* Was it a benching, motivation tool or reward to Cook, who reportedly had a great week of practice? Whatever the rationale, Thad Matta's decision to start Cook in place of Lewis worked wonders against Minnesota. The move, which arguably may have been done sooner if not for the risk of losing Lewis and his mindset, as well as wanting Cook to work hard on both ends to earn his spot, does a multitude of things for Ohio State. First and foremost, it will slightly change the rotation patterns, especially early in the game, keeping Lewis on the floor when Harris and Butler likely sit. Secondly, Matta can challenge Lewis with the importance of being the "sixth starter," a role that fit him last season. Another thing it does is likely motivates the freshman, who had disappeared at times in recent weeks. Cook will now be less likely to fall out of sight and out of mind.
* It was Ohio State's defensive activity in the first and second half that won the game for them going away. Harris, Conley, Hunter and Butler were all shuffling their feet and playing the passing lanes, causing turnovers by Minnesota. More importantly, Ohio State was making them pay by converting those turnovers into points in transition.
* In an ever-developing process, Hunter again played the best game of his career in my humble opinion. He continues to be a force on the offensive boards, but his hard work on defense and comfort level offensively makes him a candidate for a March sleeper. Conley also stepped up big for Ohio State. His defense and passing ability, especially in the open floor, was a dagger through the heart of Minnesota.
* The biggest plus for Ohio State Sunday was what they didn't do - rely on their outside shot. With Ohio State's renewed effort to establish Oden in the post, the Buckeyes were scoring inside and on the break. Quietly but extremely efficiently, Ohio State made 44 percent of their 3-point attempts. More impressively, with one minor exception early to start the second half, Ohio State never gave the impression they were settling for outside shots. The Buckeyes attempted just 16 of 65 shots Sunday from beyond the arc.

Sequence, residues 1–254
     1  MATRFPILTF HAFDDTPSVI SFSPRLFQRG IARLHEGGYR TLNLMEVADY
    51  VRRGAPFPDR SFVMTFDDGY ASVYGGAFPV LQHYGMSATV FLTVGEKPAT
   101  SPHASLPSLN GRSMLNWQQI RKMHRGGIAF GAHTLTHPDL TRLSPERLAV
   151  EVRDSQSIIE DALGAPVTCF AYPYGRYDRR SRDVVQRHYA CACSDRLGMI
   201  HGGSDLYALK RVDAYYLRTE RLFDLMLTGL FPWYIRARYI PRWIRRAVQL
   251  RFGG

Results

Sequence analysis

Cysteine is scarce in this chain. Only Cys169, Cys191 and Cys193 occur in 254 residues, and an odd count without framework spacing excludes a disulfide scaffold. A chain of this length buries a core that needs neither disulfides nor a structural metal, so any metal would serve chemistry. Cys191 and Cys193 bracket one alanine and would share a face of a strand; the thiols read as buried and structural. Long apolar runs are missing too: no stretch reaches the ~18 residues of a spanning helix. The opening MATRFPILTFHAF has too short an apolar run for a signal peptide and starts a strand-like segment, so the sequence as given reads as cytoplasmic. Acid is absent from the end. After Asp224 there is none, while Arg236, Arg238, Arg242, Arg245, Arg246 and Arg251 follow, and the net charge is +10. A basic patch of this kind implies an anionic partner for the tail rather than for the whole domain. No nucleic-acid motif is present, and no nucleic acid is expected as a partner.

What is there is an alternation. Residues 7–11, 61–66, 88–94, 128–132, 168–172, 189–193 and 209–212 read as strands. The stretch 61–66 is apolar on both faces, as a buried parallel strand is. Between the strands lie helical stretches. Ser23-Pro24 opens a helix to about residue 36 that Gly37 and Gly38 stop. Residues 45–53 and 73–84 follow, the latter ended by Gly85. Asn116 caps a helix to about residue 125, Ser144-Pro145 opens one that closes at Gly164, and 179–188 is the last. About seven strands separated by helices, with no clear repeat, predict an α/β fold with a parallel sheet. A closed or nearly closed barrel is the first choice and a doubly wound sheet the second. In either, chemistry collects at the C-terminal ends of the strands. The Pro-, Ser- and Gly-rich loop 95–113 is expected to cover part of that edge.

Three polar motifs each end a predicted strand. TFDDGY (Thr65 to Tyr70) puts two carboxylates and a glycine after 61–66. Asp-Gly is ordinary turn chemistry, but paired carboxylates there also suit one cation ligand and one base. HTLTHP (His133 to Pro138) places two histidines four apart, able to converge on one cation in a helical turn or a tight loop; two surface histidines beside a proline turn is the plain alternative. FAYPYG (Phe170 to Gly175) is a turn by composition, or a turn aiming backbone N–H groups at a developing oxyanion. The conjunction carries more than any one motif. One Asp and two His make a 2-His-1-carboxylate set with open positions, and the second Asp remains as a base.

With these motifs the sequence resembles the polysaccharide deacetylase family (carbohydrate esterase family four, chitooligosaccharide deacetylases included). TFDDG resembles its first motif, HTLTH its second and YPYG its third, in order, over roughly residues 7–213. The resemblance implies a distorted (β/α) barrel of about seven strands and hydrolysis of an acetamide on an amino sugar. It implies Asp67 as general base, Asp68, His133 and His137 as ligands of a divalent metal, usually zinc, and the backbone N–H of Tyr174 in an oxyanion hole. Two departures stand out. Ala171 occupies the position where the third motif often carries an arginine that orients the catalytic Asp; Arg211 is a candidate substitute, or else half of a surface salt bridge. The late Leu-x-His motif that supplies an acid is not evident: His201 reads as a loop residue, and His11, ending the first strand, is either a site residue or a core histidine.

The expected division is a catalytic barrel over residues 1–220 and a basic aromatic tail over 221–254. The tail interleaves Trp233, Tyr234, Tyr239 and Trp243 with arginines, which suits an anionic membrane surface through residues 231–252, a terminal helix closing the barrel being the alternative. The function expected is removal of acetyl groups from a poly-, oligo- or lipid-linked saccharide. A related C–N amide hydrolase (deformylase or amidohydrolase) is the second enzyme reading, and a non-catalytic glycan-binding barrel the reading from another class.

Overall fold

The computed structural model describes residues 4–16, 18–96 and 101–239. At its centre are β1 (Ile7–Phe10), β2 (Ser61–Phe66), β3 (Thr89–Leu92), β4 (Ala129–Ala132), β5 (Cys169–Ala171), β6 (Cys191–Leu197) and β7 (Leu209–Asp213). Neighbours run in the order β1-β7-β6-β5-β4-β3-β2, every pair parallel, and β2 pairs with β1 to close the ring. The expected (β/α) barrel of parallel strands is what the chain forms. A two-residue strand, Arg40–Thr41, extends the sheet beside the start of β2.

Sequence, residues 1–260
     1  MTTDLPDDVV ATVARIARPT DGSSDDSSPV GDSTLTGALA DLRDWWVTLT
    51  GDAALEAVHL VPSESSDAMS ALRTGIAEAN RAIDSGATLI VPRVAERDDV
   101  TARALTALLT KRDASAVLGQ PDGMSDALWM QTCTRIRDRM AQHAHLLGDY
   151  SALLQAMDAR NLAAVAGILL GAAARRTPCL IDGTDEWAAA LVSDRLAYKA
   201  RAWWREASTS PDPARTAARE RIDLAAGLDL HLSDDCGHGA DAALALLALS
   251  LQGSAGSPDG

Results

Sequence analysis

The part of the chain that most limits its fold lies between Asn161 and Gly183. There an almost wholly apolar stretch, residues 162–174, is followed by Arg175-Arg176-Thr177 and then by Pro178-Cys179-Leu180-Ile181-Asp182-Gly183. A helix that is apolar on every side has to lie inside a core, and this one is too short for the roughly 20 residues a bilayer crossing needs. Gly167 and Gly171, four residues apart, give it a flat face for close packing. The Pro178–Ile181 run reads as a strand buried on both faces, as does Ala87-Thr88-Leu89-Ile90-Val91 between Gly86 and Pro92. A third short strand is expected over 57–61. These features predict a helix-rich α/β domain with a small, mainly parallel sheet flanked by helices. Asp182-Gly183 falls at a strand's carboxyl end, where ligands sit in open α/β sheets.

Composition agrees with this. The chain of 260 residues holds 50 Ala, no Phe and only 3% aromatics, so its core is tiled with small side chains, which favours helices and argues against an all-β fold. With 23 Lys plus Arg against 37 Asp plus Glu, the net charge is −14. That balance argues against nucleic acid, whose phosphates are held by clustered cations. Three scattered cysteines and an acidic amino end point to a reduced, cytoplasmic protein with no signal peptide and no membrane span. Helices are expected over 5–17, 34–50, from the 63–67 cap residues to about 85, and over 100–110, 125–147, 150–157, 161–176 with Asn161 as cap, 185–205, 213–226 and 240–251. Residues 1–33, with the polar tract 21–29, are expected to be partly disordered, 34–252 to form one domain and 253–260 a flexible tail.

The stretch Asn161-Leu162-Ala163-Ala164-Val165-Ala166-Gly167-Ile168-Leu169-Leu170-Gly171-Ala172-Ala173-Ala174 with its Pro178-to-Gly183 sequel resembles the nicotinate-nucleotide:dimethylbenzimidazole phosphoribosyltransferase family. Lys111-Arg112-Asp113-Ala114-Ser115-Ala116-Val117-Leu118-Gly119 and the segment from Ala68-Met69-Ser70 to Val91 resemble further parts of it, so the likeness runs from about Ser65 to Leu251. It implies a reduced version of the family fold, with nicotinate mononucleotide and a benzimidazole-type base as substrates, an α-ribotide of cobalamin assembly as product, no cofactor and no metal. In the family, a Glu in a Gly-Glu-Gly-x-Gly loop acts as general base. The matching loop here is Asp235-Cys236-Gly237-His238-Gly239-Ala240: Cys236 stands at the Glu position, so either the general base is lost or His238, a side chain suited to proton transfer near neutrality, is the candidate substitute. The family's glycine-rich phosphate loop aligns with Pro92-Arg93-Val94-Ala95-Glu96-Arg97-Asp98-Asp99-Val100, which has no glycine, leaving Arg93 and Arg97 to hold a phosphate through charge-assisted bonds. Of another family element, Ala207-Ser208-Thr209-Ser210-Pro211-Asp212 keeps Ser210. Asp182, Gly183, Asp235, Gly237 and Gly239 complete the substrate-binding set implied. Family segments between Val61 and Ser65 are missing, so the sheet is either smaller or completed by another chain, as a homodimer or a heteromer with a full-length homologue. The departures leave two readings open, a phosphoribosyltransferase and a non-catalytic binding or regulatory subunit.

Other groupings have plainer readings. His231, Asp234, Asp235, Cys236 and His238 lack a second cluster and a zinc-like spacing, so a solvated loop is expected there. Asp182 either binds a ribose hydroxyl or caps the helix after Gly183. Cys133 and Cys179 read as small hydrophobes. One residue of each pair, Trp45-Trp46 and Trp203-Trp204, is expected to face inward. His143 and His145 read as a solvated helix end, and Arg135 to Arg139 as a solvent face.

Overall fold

* In Ohio State's quest to feed Oden the ball, the Buckeyes were trying some new things. In the first half, Ohio State was flashing Oden to the free throw line, and as they reversed the ball away to the opposite wing, someone would make a horizontal screen down the baseline to the block, where Oden would shuffle around and set himself up comfortably in prime position to receive an entry pass. Ohio State also used a couple of variations of this later in the game to get a weakside screen and free up a shooter after a ball reversal. This is the kind of creativity that will go a long ways to Ohio State's tournament success, especially if they execute offensively the way they did Sunday.
* Ball control. Last but not least, Ohio State returned to their conservative ways and turned the ball over fewer than 10 times for the fourth time in their last five games. Protecting the ball and shooting at a high percentage as they have done is a good combination hitting March.
No one would confuse an 18-point victory against a struggling Minnesota club as the surest sign of life from an inconsistent Ohio State basketball team. That said, you want to hit your stride heading into March, and it's good for the Buckeyes that they played one of their best games of the season after such a sloppy finish against Penn State.
Ohio State's task is simple: win three games and win an outright Big Ten title. More importantly, they get set up for an ever-so-important No. 1 seed in the NCAA Tournament. People sometimes downplay the importance of being a No. 1, as some do not care for the pressure that's attached. But this season especially, it is a good idea to be one of the top three teams ranked on the selection committee's "s-curve," which is a subjective ranking of the teams in the field, 1-65. Being one of these top three teams will likely mean avoiding the best No. 2-seed, which will likely be one of the five elite teams people agree have the best shot of winning a National Championship.
Beating out Wisconsin and North Carolina in the s-curve will mean several things. It means avoiding UNC, Wisconsin, UCLA and Florida until at least the Final Four. It also means a likely trip to East Rutherford for the regionals instead of St. Louis or even San Antonio. Lastly, it could mean facing a possible 12-seed cinderella story in the Sweet Sixteen instead of a three seed or even increases the chances of playing a lower seed in the Elite Eight instead one of the aforementioned "elite" teams.
None of that maters yet, however.
Ohio State still has three regular season games to play and then the Big Ten Tournament. It's time for them to build off their victory against Minnesota and start playing the basketball they are capable of playing - for all 40 minutes of a game.